A reader writes:

I was mulling over the argument that banning gay marriage preserves the
"sanctity" of marriage.  I'm straight, and married, but like you I'm
befuddled by the claim that banning gay marriage "defends" straight
marriage.  You and others have interpreted it as meaning "gays are so
icky that if we let them marry, straight marriage will be tainted by
association."  I just thought of an alternative (and no less bigoted)
interpretation: perhaps those who oppose gay marriage believe that gay
love is less real than straight love; that the way you feel about your
husband is less pure, or less real, or less loving, than the way I feel
about my wife.

If someone believed this - in essence, that gay love is fake - talk of
the "defense" of marriage would start to make sense.  The argument would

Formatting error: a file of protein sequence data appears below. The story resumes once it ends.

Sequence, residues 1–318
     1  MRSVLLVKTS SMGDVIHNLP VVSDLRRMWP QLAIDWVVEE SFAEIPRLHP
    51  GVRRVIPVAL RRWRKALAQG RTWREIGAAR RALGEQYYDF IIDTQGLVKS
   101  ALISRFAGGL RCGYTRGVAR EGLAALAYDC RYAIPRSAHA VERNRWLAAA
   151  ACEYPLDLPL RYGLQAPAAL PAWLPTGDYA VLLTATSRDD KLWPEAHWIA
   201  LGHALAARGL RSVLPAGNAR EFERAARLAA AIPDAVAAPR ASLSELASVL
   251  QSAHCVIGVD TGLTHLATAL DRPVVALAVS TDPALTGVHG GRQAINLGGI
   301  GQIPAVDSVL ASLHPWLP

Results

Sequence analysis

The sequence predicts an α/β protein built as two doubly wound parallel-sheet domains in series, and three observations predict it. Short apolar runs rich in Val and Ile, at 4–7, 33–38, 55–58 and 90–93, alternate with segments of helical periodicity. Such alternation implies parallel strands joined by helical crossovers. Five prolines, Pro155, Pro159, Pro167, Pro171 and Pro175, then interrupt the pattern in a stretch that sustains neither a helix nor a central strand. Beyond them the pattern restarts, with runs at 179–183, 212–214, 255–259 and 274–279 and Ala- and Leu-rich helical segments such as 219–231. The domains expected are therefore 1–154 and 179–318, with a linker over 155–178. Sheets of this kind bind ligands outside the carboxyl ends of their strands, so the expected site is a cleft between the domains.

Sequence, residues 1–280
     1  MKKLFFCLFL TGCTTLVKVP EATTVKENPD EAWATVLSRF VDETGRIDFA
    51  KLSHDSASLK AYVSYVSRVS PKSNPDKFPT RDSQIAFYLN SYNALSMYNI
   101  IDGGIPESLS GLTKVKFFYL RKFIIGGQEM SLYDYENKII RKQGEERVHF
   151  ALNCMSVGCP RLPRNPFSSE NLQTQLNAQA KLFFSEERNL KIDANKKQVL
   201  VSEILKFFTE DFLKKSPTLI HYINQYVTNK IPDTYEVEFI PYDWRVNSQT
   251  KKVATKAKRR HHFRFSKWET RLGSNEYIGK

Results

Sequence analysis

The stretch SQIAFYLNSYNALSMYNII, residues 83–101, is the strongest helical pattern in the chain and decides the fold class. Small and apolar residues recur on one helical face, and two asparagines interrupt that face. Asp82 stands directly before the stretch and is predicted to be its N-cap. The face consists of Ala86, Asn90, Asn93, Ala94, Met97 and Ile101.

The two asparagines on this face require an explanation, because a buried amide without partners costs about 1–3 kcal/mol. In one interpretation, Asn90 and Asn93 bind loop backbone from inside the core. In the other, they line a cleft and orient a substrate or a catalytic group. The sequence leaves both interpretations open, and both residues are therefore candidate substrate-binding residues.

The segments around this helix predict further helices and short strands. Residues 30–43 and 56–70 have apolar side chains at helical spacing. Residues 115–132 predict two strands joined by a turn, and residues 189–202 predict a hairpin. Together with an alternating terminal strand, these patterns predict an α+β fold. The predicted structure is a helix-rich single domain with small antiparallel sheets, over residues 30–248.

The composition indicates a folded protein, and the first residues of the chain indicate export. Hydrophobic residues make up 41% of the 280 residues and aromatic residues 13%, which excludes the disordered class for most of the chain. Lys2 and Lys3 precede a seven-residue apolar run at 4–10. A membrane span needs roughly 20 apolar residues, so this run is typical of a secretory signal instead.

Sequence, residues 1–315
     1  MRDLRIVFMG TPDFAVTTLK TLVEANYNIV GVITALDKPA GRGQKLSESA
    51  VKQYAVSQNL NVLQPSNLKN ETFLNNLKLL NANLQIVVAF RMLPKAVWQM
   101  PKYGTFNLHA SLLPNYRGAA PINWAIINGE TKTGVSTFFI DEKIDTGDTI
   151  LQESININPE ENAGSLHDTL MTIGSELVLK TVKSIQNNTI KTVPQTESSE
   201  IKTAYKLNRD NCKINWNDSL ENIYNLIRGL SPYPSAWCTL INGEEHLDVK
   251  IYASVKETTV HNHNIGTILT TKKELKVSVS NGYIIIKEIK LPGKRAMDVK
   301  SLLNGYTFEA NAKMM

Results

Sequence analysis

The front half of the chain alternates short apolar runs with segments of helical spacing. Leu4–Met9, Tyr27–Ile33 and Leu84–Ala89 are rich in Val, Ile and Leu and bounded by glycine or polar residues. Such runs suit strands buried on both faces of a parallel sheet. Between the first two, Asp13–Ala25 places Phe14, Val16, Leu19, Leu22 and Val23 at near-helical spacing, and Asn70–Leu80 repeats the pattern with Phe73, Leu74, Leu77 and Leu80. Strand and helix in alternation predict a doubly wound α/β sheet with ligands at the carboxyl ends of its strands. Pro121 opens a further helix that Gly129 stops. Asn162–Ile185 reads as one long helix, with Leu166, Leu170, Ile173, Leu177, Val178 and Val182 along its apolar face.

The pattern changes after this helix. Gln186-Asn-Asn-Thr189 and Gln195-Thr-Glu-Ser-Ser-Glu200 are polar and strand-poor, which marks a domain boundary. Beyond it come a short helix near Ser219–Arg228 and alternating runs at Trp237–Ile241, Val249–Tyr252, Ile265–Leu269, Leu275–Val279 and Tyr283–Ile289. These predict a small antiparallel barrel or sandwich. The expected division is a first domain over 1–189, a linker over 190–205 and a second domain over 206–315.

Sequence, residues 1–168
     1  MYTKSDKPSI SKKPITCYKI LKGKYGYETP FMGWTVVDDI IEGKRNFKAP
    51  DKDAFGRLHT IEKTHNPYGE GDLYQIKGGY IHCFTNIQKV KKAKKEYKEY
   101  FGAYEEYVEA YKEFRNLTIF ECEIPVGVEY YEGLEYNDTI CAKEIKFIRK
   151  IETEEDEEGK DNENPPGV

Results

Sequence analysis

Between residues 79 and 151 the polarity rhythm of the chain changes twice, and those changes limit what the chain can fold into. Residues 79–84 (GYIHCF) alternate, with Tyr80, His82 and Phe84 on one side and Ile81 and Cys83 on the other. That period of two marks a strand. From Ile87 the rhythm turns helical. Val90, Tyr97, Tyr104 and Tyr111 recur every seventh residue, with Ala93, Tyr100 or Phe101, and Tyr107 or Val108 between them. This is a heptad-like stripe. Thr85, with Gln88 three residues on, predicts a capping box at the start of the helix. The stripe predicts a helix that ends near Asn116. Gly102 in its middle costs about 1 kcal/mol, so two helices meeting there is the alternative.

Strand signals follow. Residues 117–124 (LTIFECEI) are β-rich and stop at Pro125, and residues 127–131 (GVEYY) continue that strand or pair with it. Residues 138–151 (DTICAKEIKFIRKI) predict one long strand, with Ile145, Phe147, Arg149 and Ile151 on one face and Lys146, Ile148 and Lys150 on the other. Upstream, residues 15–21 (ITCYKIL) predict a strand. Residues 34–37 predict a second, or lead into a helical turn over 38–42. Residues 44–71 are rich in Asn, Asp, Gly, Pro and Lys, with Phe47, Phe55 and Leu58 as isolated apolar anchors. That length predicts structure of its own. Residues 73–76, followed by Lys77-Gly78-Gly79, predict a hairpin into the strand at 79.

be that marriage is reserved for true love, not for whatever gays
feel for each other.  On the other hand, it could only be an argument
made by someone who had never really known a gay person.  Anyone with a
gay friend or relative knows that same-sex love encompasses the same
range of emotions as opposite-sex love.  To some degree I pity the
ignorance of someone who would think that gays cannot love like
straights.  But I suspect that this is the reason behind the "defense of
marriage" argument.

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